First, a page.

Strovek Writes


Tuesday, December 25, 2018

Gaining Fitness (Speech)

Recent speech I delivered for Toastmasters:

New Year is around the corner, there is a tradition that is common across the world. Do you know what is that tradition? It is to make New Year’s resolution. Babylonians make promises to their gods to return borrowed objects and pay their debts. Romans make promises to the god Janus for whom January is named after.

At the end of the Great Depression about a quarter of American adults form New Year’s resolutions. At the start of 21st century 40% did (according to statistic brain). Did you know that in a 2017 survey 45% of their respondents would like to lose weight. You can look it up in The Statistics Portal.

Why would anyone want to lose something? Isn’t it better to gain something? When it comes to Law of Attraction, we need to say things using positive phrases. That is why this speech title is on Gaining Fitness and not Losing Weight.

Losing Weight is easy, if you are very sick, you will automatically lose weight. However, is weight loss the real goal? Why do we want to lose weight?

Before considering weight loss, first consider components of our weight. Hydration, fat, muscles and bones. Bones are the only component that cannot change, everything else are variables. We can lose weight by dehydrating ourselves. I ran 2 hours and loss 1 kg in weight from my sweat.

A much better way is to burn fat by gaining muscles. I recommend reading the book “Burn the Fat Feed the Muscles” by Tom Venuto.

One approach I tried several years back was counting calories (also know is CICO). The approach works, but there are rules. To lose 1 kg of weight we need to have a deficit of 7000 calories. Formula is simple enough but our body is alive; so we adapt. Reduce your calories too much then it will protect itself and turn on starvation mode. Weight loss using this method requires a lot of will power but is not sustainable. It requires substituting yogurt for ice cream, whole meal bread of white bread.

We had a program a few years ago where participants had to lose weight and the winner is the one who loses the most percentage of weight during the program. One of the participants misread the label and thought 0 cholesterol means 0 calories and ate a lot and ended up gaining instead of losing weight.

I am starting an experiment, instead of reducing my weight, I would like to lose my body fat. It is currently at 30% and the plan is to get it down to 15% in two years. Would you like to join me in that journey?

Note from the evaluation:
  1. The speech lacks proper transition.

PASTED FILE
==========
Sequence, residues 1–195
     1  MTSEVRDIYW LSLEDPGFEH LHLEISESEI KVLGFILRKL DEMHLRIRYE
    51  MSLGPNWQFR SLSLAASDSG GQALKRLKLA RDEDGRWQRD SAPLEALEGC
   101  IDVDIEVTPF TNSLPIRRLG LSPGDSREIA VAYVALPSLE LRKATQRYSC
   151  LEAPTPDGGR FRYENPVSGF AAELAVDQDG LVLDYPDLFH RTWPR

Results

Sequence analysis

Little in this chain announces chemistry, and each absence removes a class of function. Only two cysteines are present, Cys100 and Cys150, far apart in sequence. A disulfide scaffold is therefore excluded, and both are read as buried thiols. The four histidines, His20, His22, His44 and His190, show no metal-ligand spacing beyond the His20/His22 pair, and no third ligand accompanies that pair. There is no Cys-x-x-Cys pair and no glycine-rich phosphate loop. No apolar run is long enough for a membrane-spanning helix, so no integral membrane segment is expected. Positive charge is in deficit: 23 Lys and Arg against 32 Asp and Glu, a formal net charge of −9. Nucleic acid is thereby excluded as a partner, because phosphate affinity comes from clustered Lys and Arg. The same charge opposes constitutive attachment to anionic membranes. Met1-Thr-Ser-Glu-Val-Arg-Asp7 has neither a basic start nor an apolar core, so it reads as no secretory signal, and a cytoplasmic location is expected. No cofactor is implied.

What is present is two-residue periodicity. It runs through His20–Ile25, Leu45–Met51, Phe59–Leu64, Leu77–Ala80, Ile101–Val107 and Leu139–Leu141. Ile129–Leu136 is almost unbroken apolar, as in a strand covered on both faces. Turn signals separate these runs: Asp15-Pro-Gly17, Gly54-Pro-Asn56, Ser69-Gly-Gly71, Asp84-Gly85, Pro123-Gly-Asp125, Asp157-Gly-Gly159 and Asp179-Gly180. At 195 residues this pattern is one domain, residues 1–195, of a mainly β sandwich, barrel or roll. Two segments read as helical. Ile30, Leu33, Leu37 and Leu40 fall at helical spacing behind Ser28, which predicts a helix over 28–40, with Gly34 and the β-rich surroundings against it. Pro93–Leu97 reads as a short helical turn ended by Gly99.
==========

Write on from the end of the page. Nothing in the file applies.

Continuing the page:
2. Speeches work better if there are three main points.

Friday, December 21, 2018

Speech Organization

Started to participate in Toastmasters again. One of the notes for me to keep in mind are the various ways to organize speeches. This is what was provided in one of the Pathway speech guides:


Chronologically organized speeches follows a sequence of events.


A topical structure organizes speeches by topics and subtopics. Break your speech into sections that explain major concepts related to your topic, followed by smaller and smaller subtopics.

A spatial structure organizes a speech by geography or the physical structure of the topic. Construct a speech that discusses the impact of your topic upon a region or the world. Spatial also refers to content that covers the physical landscape of a specific location. For example, if you are giving a speech about Germany, you may organize your presentation in a way that implies movement across the country. Your content could begin in the south at the Alps and then travel northward towards the Baltic Sea.

A causal structure organizes speeches to link a cause to an effect, or an effect to its cause.

A comparative structure organizes speeches by describing two or more objects and their shared and/or different attributes. Show how your topic compares to another by examining similarities and differences.

Speeches organized by problem and solution are arranged in a particular sequence. First state the issue and explain its significance. Then propose a feasible and advantageous solution.


A particular/general/particular structure organizes speeches by a specific example that frames broader content and illustrates the main or personal objective of the speech. The example given at the beginning of your speech is echoed in the conclusion to help clarify or elucidate your primary message.